Seeing as we’d forgotten to bring a plug adapter, our phones had ran out of battery at this point and we couldn’t set an alarm. Consequently, after an “oh, shit” moment when we realised it was 11am and we were still in bed, we rushed to get ready for a day of Nazi history. Nuremberg’s transport was NOT on our side. The first thing to note is that the transport network in Nuremberg is called “VAG.” On the trains and buses they have interactive screens with “VAG quizzes.” It’s wonderful.
After wandering around the hauptbahnhof for a bit trying to find the mythical S2 line, we found an English-speaking couple (long-haired Australian dude whose name I can’t remember and his Californian friend Jenna) who were also headed for the Nazi Party Rally Grounds and convinced us that the S3 line would get us there. Oh, no. We ended up in ‘Feucht’ (yeah, me neither) and to top things off, then got the wrong train AGAIN back to where we started. We finally got the U1 to Frankenstraße, and then a bus (which we got off at the wrong stop, of course). By this point it was 3pm and we knew these people REALLY well. “I have a court case against me back home, my au pair family accused me of stealing a ring” Jenna says, clutching me in the girls toilets. After eventually finding the rally grounds, its unfinished state yet overwhelmingly huge exterior was surprising to me: bigger than the coliseum, yet with a distinct aura of crumbling decay; its peacefulness directly contradicted the purpose for which it was built.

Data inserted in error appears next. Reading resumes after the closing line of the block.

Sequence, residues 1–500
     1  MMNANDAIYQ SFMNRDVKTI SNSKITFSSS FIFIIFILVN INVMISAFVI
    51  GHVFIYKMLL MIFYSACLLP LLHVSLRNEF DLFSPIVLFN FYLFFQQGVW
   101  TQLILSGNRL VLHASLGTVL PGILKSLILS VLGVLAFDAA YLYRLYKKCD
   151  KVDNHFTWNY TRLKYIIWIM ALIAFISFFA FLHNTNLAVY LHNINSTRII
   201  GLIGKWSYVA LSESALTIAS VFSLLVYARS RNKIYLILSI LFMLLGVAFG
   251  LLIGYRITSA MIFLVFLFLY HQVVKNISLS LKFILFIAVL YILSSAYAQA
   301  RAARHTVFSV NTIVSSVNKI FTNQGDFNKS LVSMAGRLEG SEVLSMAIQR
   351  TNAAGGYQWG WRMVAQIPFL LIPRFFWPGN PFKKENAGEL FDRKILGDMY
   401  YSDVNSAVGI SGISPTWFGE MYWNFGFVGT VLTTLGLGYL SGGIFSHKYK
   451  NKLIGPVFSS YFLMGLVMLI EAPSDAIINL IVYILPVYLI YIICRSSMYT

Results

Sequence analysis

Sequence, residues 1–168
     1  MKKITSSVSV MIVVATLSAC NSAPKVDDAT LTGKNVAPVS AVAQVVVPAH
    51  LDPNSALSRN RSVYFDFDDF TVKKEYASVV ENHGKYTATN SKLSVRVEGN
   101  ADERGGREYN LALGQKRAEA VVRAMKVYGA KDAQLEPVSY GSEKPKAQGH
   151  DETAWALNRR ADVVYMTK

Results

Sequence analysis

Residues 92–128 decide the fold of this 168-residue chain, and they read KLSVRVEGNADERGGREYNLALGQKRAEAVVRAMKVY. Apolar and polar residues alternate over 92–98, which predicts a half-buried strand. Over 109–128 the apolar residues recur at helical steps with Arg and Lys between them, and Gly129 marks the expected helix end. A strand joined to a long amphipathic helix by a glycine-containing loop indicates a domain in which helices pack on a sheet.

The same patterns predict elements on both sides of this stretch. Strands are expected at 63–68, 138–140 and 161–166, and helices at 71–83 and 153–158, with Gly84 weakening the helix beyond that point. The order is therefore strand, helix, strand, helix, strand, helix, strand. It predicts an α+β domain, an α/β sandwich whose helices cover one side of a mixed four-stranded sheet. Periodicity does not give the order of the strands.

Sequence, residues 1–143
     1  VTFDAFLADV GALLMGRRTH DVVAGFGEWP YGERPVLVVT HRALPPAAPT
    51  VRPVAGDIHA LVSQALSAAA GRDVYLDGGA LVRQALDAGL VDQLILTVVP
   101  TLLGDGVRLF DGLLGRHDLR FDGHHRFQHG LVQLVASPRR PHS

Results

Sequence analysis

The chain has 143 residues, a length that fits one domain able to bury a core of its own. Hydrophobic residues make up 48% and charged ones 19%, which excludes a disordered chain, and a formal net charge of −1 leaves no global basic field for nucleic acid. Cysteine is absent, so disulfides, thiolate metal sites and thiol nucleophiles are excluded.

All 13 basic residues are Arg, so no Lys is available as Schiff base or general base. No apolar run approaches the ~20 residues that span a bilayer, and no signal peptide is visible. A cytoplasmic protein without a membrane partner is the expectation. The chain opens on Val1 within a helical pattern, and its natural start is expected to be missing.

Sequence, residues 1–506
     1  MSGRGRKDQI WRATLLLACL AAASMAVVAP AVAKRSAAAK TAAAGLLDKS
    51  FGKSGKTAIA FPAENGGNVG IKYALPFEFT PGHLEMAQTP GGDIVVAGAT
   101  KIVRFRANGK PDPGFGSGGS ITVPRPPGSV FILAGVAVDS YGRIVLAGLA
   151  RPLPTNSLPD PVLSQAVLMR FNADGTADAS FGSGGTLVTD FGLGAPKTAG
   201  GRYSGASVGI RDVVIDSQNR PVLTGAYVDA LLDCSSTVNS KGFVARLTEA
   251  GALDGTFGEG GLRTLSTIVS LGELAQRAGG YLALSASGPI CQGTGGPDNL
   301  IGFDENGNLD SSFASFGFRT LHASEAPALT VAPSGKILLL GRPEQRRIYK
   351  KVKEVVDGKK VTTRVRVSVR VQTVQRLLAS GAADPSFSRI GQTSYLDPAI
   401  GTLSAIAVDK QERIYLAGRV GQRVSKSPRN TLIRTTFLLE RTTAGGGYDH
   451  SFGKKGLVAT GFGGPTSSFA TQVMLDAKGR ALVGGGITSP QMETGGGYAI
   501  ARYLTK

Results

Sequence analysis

A quick train ride across town to Barenschanze, we went to see the Nuremberg Trial Courthouse. After begrudgingly paying the €5 entry fee, we were transported into an incredible exhibition showing Courtroom 600 in all its foreboding glory and a detailed and fascinating exhibition on the floor above.
When the evening arrived and darkness descended, however, there was only one thing I wanted to see. The reason for coming to Germany on December in the first place: the Christmas markets. And oh, did Nuremberg deliver. Dating back to the 1500s, these markets are as traditional as you can get, with some stalls being in family generations for hundreds of years. Covering the entirety of the hauptmarkt in front of the beautiful Frauenkirche, stalls ranged from selling tradition fare of nürnberger bratwurst, lebkucken and glühwein to more modern crafts.